Ensuring a gender perspective

Several philanthropic institutions in Colombia are following UN recommendations and working to ensure that women play a key role in peace-building efforts and that their voices are heard. One of them, the WWB Foundation supports and educates women interested in setting up their own businesses. Philanthropic organizations like Fundación Belcorp and the Mujeres de Exito Foundation promote the development of women through education. And still others are providing legal services to women and girls who have suffered violence.

Taking into account the perspective of women was a key focus of the peace process, and the accord states that women's rights and needs (Goal 5) must be addressed by Colombian society as a whole. Philanthropic organizations looking to support the peace process are critical to this effort and should take it upon themselves to support and strengthen local women's groups so that they are able to play a meaningful role in peace-building efforts.

Taking the lead

Philanthropy itself is uniquely positioned to play a leading role as Colombia navigates this critical moment. Long-term vision and a willingness to take risks can be difficult for governments and businesses to embrace given budget constraints and fiduciary obligations. But philanthropy, acting as a catalyst for innovation and collective action, can become a key player in efforts to create the conditions needed to forge a sustainable peace.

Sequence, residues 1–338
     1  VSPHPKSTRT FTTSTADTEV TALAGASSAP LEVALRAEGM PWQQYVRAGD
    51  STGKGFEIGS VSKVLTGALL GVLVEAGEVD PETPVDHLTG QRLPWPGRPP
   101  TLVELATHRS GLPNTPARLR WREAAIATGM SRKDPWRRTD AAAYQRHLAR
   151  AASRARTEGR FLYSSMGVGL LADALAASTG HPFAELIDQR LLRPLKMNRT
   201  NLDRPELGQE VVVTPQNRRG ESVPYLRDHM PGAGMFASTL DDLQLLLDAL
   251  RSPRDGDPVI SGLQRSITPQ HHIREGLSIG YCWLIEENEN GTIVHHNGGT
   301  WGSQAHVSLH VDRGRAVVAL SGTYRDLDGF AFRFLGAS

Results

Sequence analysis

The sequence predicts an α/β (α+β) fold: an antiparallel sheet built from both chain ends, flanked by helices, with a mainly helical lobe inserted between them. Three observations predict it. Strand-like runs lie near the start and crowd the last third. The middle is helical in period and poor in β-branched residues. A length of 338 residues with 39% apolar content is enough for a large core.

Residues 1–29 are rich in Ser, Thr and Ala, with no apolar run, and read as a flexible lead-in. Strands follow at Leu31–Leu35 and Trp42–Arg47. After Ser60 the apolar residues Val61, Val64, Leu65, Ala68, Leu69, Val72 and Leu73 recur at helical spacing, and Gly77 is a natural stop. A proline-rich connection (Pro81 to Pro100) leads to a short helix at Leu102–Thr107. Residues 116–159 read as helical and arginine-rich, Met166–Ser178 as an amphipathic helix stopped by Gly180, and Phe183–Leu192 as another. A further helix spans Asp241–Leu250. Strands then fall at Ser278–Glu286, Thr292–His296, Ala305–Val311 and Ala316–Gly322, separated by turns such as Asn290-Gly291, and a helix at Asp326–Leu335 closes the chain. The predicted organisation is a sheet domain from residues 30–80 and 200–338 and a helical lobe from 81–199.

The Colombian peace accord is a once-in-a-generations opportunity to improve the lives of Colombia's poorest citizens and communities. Philanthropy must not miss the boat.

Headshot_ferreira_reynoso (002)Juan David Ferreira is a consultant for Asociación de Fundaciones Empresariales y Familiares-AFE Colombia. Merybell Reynoso is an international communications consultant for the SDG Philanthropy Platform.

The SDG Philanthropy Platform is a global initiative that helps philanthropy engage in the global development agenda and informs and catalyzes collaboration between those working in the philanthropy sector and other key actors. For more posts in the FC Insight series, click here.

« Previous post    Next post »


Feed You can follow this conversation by subscribing to the comment feed for this post.

The comments to this entry are closed.

Quote of the Week

  • "[L]et me assert my firm belief that the only thing we have to fear is...fear itself — nameless, unreasoning, unjustified terror which paralyzes needed efforts to convert retreat into advance...."

    — Franklin D. Roosevelt, 32nd president of the United States

Subscribe to PhilanTopic


Guest Contributors

  • Laura Cronin
  • Derrick Feldmann
  • Thaler Pekar
  • Kathryn Pyle
  • Nick Scott
  • Allison Shirk

Tweets from @PNDBLOG

Follow us »

Filter posts